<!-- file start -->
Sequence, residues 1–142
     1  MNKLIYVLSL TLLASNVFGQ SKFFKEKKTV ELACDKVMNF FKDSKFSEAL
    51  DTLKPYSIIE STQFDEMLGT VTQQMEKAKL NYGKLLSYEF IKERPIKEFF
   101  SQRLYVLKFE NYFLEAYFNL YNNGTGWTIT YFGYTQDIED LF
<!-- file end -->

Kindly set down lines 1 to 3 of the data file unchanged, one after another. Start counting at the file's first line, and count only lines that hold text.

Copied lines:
Sequence, residues 1–142
     1  MNKLIYVLSL TLLASNVFGQ SKFFKEKKTV ELACDKVMNF FKDSKFSEAL
    51  DTLKPYSIIE STQFDEMLGT VTQQMEKAKL NYGKLLSYEF IKERPIKEFF